Why does the ‘dark landscape’ interest you?
I think it is mostly because of the mystery and intrigue that accompanies these type of images and the feelings that they invoke. It avoids the ‘chocolate box’ approach to the landscape that seem to me to be quite superficial (although I appreciate that they are incredibly popular). Perhaps also it reflects on my own personality. I hate the Hollywood movie or TV series that feels like it has to have a happy ending when it shouldn’t, and I much prefer an inconclusive end or something darker and perhaps more realistic to life.
You said above that you live in your ideal house up in the mountains in quite a remote area – what is it about nature that attracts you to it time and time again?
It is the infinite variety and constant change that I like most. Although many may think that the landscape is fairly static on a human timescale, it is in constant flux with the seasons and weather, especially in the mountains. When you start to look more closely at nature there are things changing on an even quicker timescale too. The solitude of being out in the landscape is also a big draw. I don’t really enjoy being in very busy places with lots of people rushing around. Walking in the hills and forest is a great way to achieve some personal space to think. Plus, I love the feeling of breathing all that fresh air and getting some exercise!
What is this project about?
Travels in a Strange Land: Dark Spaces started with a chance find – I’m a great believer in serendipity in photography as a way to start exploring something new. I had found a rather interesting location but wasn’t sure if a straight image would really show the beauty of what I had found, and I started to play around with negatives of the image – a method I had been using in another series.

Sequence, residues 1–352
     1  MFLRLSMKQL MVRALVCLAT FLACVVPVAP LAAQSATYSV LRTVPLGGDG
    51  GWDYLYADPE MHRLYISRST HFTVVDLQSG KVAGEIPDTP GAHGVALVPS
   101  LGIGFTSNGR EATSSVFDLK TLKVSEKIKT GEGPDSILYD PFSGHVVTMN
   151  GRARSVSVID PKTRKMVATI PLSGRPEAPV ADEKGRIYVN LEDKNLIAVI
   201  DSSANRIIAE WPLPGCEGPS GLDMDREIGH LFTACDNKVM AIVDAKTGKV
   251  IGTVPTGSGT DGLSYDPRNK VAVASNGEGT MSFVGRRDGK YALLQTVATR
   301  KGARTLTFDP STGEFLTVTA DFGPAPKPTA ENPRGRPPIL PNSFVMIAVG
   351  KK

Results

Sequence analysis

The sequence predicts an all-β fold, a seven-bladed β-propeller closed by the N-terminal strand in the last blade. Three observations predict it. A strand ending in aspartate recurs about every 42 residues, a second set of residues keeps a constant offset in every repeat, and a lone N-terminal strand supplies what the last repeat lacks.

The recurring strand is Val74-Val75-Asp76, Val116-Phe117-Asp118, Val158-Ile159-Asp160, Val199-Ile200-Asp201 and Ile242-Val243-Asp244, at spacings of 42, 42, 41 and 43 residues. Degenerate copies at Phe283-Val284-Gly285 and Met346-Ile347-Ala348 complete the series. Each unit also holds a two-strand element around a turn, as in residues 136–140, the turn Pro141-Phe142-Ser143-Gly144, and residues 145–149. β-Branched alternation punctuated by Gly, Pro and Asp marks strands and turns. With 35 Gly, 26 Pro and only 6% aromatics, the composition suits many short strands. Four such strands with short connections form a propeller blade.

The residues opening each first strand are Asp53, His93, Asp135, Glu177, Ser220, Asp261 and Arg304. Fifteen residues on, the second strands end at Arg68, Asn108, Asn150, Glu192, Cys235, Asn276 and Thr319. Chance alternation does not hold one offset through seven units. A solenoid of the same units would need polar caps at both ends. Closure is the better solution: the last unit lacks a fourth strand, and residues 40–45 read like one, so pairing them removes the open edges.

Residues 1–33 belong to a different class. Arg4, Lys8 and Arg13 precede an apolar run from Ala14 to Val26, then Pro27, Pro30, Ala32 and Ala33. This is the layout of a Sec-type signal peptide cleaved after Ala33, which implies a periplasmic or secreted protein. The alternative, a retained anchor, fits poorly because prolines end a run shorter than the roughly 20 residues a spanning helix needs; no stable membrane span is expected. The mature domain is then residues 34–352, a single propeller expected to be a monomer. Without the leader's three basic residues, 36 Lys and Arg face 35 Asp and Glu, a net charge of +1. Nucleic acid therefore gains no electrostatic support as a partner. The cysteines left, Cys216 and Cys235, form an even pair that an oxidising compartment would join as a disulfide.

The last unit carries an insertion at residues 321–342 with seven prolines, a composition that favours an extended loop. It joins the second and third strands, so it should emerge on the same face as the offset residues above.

Suddenly the scene was transformed into what seemed to me was a fantasy landscape; a strange land. There were elements of it that were recognisable, but something a bit different about it made me want to look closer. I like this transformative element of photography.
I then went out to actively search for new locations that would also yield new fantasy landscapes. I initially had few preconceptions about what I might discover, just a vague idea of the types of location that might make fertile hunting grounds. I often say that I liken myself to a Victorian naturalist; venturing out into the landscape to collect samples not knowing what I had discovered until I returned home to look ‘under the microscope’, or convert to negative in my case.
Ultimately I found what I was looking for mostly in the dark spaces underneath fallen trees, at the edges of riverbanks and old holloways etc. These are places that most people don’t give a second glance to. Partly this is because they can’t see much in the darkness and my approach of ‘lighting’ up this darkness by converting to negative reveals much of the detail. What initially started with a few images ended up with 150, and I have now produced a book with 100 of these images.
The real aim of the series in the end was to show that there are interesting and new landscapes that we pass every day, and that people don’t have to travel the globe to discover something new.
What inspires you?